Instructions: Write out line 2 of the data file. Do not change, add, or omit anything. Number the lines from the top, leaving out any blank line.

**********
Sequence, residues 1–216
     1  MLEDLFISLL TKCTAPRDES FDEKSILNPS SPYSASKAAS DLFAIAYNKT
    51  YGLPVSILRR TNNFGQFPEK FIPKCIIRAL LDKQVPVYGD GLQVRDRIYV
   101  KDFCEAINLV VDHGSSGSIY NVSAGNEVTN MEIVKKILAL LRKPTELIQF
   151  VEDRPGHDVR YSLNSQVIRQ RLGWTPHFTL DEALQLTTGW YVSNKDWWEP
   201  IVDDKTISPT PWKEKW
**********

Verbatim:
     1  MLEDLFISLL TKCTAPRDES FDEKSILNPS SPYSASKAAS DLFAIAYNKT